Have Large Commodities Trading Houses Become Too Big to Fail?

on Oct 10, 2012
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It would seem that large commodity traders such as Glencore (LON:GLEN, HKG:0805) have been fuelling worries among regulators, with the Financial Times reporting on 9 October 2012 that trading houses may have become so big and influential to markets that policymakers cannot let them collapse. Concerns about large trading companies were recently addressed in a speech by Timothy Lane, deputy governor of the Bank of Canada.

**Role of Commodities Trading Houses**
As noted in the FT article, big trading houses underpin global trade in raw materials by means of buying commodities from producers, transporting them and selling them to consumers, meaning that the collapse of a large trading house could for instance seriously damage global economic activity by disrupting the supply of raw materials. Commodity houses also play an important role in extending credit to producers such as miners and farmers.

In addition, as their business model changes, commodity traders move from a “middlemen’s role”, to vertically integrated groups, with the Glencore’s proposed merger with miner Xstrata (LON:XTA) being indicative of this new trend.
**Bank of Canada Warning**
Concerns about large commodities trading houses were articulated by Bank of Canada’s Mr Lane in his speech before the CFA Society of Calgary at the end of September. Speaking about the relationship between commodity markets and the financial system, Mr Lane noted that it was worth asking whether the losses incurred by a trading house, or the failure of a house would have a significant knock-on effect on the financial system as a whole.

>!m[](/uploads/story/553/thumbs/pic1_inline.png)“Just as the 2008 financial crisis revealed the need to assess the systemic importance of institutions that play a central role in particular financial markets, we should be asking the same questions about institutions that are interconnected with various commodity markets,” pointed out Mr Lane in the speech, published on the Bank of Canada website.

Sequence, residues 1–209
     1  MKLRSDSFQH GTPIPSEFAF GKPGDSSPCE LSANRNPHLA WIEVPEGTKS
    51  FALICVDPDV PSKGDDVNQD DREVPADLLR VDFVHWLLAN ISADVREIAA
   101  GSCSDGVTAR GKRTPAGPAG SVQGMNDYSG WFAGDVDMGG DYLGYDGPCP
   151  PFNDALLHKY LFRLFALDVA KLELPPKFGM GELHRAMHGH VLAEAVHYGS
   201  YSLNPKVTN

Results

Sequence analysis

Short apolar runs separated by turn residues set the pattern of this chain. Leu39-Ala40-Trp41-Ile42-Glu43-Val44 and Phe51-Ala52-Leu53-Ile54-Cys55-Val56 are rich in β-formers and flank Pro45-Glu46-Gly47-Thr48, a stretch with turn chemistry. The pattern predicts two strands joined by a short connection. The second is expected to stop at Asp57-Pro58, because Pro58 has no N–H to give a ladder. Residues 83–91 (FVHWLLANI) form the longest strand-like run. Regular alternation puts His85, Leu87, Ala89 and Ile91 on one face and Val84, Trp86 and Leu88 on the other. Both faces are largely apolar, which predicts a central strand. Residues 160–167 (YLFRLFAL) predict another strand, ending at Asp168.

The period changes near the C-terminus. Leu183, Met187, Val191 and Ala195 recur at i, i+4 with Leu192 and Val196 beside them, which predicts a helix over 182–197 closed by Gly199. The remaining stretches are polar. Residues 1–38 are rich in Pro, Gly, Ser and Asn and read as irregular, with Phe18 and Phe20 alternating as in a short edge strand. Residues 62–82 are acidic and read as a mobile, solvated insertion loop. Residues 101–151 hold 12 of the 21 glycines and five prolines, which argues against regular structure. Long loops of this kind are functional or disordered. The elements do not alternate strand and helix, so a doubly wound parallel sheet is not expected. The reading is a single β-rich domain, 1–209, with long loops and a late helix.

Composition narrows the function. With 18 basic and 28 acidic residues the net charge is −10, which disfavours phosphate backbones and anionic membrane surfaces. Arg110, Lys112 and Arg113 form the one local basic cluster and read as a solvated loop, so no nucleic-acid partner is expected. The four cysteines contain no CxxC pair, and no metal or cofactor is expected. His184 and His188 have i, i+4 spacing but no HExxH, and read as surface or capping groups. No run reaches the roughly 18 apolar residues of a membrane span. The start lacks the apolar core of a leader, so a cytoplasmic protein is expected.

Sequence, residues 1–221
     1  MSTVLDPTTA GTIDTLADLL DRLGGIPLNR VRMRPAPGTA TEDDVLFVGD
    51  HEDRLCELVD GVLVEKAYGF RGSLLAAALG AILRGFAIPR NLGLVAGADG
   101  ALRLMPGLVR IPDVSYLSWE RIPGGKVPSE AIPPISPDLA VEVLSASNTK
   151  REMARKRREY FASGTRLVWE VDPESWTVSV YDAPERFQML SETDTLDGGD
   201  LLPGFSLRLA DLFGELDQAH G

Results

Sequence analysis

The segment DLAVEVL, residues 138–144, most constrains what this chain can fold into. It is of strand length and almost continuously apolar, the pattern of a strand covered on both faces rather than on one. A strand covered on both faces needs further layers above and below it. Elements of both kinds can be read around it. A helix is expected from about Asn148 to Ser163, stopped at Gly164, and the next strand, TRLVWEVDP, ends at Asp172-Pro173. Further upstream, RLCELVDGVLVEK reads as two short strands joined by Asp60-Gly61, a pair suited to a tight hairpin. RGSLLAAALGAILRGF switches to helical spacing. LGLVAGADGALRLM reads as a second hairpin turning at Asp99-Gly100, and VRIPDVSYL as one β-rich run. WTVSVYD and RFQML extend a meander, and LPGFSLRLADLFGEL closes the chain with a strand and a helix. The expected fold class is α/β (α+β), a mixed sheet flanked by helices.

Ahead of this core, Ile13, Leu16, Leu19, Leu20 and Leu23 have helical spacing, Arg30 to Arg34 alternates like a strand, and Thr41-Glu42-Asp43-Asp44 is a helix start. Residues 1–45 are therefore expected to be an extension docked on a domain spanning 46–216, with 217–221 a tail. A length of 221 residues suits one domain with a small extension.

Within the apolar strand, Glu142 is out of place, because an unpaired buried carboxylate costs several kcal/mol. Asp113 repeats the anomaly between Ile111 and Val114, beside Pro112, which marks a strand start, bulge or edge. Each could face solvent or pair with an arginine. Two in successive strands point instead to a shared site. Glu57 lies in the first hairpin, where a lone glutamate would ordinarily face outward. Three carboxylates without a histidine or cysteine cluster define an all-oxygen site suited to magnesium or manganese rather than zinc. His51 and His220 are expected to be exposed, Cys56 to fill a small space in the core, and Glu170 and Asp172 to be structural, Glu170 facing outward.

**Trading Houses Becoming “Systematically Important”**
In his speech, Mr Lane commented that the increasingly prominent role played by both large commodities trading houses and the physical trading operations of some large investment banks raised the possibility that some of those institutions were becoming “systematically important”.
Although Mr Lane did not name the companies he had in mind, he did note that a “wave of mergers and acquisitions” was “sweeping the commodity-trading sector,” with that remark being interpreted as a reference to the Glencore-Xstrata merger.

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**Regulator Concern**
As noted in a recent Reuters article, Mr Lane is among the first to suggest that some of the commodity market’s most active players may have become so important that they may benefit from the tougher scrutiny applied to the world’s biggest banks. Since the 2008 financial crisis which revealed that global banks were too big to fail, regulators have been imposing stricter rules on the banking industry such as a tougher set of standards for banks designated as being “systemically important”.
The FT reports that regulators admit that they know little about commodities trading houses, and particularly about their balance sheets. It would be interesting to observe if and how this concern will translate into policy action.
“A number of big institutions, the systemically important potentially large commodity trading houses that I talked about are mostly not Canadian,” Mr Lane commented in remarks following his speech, as quoted by Reuters. “They’re operating in an environment globally where interest rates are expected to remain very low for a long time. And that environment is one that involves the build up of risk.”

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